Taking out a mortgage can be an intimidating part of the homebuying journey, especially if you haven’t applied for a home loan before. But don’t worry — our Home Guides make it easy to understand the process. Here are the top things you need to know about mortgage rates and how yours may be determined so you can house hunt with confidence.
Check Your Credit Score
An important piece of the mortgage puzzle is your credit score. Typically, the higher your credit score, the lower (or better) the interest rate you’ll be able to secure. Your loan options could be more limited if your credit score is lower. Make sure you plan ahead to give yourself enough time to improve your credit score if needed before applying for a home loan. Your lender will be able to help you understand how your credit score, along with other factors, impacts your interest rate.
Set Your Budget
Making a list of your expenses will help you determine how much you can spend on a mortgage. Look back at your checking account over the last few months to get an accurate picture of your spending habits. It’s also important to remember your monthly payments will include more than just paying interest. You’ll also have to factor in the principal, property taxes and homeowner’s insurance, among other items.
Common loan terms are 15 and 30 years. There are other options out there, but the bottom line is that your loan term affects your monthly payments and interest rate. According to the Consumer Financial Protection Bureau, shorter term loans have higher monthly payments than longer term loans, but have lower interest rates and a lower total cost. Finding the right balance between how much you want to pay on a monthly basis and how long you want your loan to last is a good starting point.
The main difference between fixed and adjustable interest rates is whether or not your rate can change. According to the Consumer Financial Protection Bureau, with a fixed interest rate, you’ll likely pay the same rate for the entire length of the loan. While this typically means a higher interest rate, it also means you’ll know what you have to budget for every month for principal and interest. On the other hand, adjustable interest rates will be lower to start but will change every few years. Because they’re more unpredictable after the fixed period ends, it helps to make sure you’re saving money along the way to account for bigger adjustments.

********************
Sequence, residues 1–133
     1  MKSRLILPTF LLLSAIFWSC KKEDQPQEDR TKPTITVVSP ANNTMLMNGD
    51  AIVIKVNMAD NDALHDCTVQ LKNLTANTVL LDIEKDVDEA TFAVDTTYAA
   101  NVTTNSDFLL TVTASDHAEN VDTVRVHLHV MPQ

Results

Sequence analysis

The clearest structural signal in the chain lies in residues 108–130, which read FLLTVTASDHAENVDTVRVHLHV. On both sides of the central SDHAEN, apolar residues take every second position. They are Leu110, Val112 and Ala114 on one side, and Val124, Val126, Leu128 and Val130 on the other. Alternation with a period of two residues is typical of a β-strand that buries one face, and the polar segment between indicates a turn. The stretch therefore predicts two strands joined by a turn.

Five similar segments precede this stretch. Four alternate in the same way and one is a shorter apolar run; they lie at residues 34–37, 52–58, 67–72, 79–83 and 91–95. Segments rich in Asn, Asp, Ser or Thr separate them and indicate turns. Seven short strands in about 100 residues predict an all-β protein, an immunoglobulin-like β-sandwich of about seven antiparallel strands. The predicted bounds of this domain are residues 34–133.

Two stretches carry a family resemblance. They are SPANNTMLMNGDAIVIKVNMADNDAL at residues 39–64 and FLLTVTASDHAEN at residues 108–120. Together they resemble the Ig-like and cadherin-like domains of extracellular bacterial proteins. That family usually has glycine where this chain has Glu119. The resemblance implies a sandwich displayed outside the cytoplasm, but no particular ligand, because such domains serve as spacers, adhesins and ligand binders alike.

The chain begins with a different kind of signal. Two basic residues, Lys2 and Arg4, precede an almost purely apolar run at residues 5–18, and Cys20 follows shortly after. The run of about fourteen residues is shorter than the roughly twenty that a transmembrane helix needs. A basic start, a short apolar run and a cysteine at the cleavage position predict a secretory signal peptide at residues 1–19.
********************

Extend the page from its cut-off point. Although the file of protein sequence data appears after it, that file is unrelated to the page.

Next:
The Consumer Financial Protection Bureau explains that a loan falls into one of three categories: conventional, FHA or special programs. As the name implies, a conventional loan is the type of loan most people get. Individuals who have lower credit scores or can’t afford a large down payment may qualify for an FHA loan, which is regulated by the Federal Housing Administration. Lastly, there are special programs in place for veterans and low- to moderate-income families to secure a loan. Please contact your lender to determine which loan type is right for you.
If you can’t afford a big down payment, such as 20% of your purchase price, your lender may require you to have mortgage insurance or PMI (private mortgage insurance). This protects lenders if you fall behind on payments. Mortgage insurance will increase your monthly payment, but it can help you qualify for a mortgage you otherwise may have been unable to get.
Have more questions about mortgages? No problem. Our Home Guides will help you step by step from initial meeting to contract. Get in touch with a Starlight representative and schedule an appointment today.
*See terms and conditions for complete information. For informational purposes only, not to be construed as quote or offer of credit. Starlight Homes is not a lender or mortgage broker. Programs, prices, rates, terms and conditions subject to change without notice. Actual rates may vary. Supply of homes and homesites at these prices are limited and subject to availability. All loans subject to credit approval. Other restrictions may apply.